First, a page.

But the real success for Khan lay in shifting the attention to Indo-Pak relations. While the meeting was supposed to prioritize Afghanistan, Trump did not hesitate to use the K- word. Trump told Khan that Indian prime minister Narendra Modi has asked him to mediate the Kashmir dispute during the sidelines of G20 Summit in Osaka, and that he was willing to arbitrate in the matter. Unsurprisingly, India’s foreign minister responded by saying that no such request had been made by Modi to Trump. This appears quite logical as well. India had resisted outside intervention on Kashmir even when it was far more evenly matched with Pakistan than it is today, and it is highly unlikely that Modi would have raised the Kashmir issue. Nevertheless, Pakistan would consider the mention of Kashmir as the biggest takeaway from the meeting since it has long sought internationalization of the Kashmir dispute. While Pakistan has long sought third party mediation in Kashmir, the Indians have been extremely sensitive to any outside advice. Trump’s statement would thus invariably come as a blissful surprise for Pakistan.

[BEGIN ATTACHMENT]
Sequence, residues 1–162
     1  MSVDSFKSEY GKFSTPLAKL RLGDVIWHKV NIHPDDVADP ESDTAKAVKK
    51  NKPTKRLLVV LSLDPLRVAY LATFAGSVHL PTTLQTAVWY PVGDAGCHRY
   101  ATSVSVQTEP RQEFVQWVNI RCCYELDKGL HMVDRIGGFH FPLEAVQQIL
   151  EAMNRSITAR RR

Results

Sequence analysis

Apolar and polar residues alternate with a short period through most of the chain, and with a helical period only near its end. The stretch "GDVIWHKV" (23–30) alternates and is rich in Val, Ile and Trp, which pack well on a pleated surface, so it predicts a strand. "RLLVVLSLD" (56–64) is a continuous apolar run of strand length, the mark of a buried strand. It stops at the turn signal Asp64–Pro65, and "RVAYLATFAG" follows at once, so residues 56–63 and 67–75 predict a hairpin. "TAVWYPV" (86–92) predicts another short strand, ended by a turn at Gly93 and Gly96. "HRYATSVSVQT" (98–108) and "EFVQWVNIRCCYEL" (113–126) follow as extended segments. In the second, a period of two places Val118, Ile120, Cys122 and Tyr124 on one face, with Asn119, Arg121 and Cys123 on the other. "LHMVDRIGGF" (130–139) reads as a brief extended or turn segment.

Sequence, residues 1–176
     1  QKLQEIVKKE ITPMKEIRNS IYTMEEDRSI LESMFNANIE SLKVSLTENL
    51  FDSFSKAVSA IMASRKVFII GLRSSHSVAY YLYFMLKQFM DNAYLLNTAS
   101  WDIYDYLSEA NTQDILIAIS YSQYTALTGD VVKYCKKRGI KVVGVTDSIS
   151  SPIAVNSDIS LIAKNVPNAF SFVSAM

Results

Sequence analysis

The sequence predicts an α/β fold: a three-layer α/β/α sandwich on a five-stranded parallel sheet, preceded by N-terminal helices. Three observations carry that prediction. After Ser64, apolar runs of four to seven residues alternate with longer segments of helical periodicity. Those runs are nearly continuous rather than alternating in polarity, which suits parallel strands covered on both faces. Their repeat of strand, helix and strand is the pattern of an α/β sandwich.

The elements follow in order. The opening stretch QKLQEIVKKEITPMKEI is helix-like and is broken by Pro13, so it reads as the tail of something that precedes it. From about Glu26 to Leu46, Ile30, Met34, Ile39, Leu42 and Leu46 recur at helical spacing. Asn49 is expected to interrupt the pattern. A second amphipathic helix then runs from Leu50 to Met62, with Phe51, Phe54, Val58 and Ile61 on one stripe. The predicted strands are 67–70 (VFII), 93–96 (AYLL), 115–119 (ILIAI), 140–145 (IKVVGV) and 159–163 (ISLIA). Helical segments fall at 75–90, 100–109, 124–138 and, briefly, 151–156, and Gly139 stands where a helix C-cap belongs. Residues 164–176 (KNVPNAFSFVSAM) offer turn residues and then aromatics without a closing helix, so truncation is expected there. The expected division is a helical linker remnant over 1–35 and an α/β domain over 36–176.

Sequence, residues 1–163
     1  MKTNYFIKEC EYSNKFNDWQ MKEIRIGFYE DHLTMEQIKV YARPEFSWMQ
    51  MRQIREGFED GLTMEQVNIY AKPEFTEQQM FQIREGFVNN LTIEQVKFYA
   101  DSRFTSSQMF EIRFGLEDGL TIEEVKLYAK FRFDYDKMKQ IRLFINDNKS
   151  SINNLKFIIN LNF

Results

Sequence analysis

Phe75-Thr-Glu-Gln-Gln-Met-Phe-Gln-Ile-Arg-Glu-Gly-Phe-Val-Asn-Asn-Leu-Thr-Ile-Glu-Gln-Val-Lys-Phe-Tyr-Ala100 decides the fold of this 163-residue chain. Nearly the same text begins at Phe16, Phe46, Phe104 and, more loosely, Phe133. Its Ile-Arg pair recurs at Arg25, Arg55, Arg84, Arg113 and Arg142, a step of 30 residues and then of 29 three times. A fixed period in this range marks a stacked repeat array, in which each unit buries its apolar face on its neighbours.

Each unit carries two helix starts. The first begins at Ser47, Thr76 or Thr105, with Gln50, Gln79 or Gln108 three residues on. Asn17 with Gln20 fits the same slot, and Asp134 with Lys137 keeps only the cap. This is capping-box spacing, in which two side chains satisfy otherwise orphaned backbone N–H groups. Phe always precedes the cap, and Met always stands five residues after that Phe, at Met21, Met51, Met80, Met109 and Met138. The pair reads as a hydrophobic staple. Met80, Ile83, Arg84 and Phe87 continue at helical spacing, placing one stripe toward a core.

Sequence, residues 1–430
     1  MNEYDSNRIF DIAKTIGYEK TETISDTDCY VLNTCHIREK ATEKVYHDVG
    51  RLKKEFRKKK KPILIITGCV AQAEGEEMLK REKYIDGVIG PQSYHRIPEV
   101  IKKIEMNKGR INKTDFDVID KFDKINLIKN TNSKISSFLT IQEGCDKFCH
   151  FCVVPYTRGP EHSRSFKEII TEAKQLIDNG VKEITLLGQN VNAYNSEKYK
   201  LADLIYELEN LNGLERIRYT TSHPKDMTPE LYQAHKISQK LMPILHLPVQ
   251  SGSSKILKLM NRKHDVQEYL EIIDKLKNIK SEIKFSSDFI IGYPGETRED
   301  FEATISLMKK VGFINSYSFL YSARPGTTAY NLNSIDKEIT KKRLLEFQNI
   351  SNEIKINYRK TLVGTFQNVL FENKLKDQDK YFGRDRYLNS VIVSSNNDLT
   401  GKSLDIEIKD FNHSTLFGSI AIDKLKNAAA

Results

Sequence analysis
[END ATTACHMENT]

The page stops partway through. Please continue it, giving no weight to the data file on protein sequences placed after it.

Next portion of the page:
From the U.S. perspective, the results are mixed. Despite having repeatedly requested the release of Dr. Shakil Afridi—who helped the CIA trace Osama bin Laden in Abbottabad—Pakistan was adamant against terminating his detention. However, speaking to the media, Imran Khan hinted at Afridi’s possible release which would effectively play well for Trump’s optics. Moreover, we might see a more conciliatory attitude from Pakistan and consequently the Taliban towards the peace process in Afghanistan. But the biggest takeaway for the United States would be pulling back Pakistan from China’s clout. In spite of all its problems, Pakistan is a strategically located country. The Chinese were quick to pounce on the opportunity when they announced infrastructure projects worth over $60 billion in Pakistan under the China-Pakistan Economic Corridor (CPEC). It has caused apprehension in American policy circles that the Chinese might build military bases along the Pakistani coastline, which oversees the Strait of Hormuz.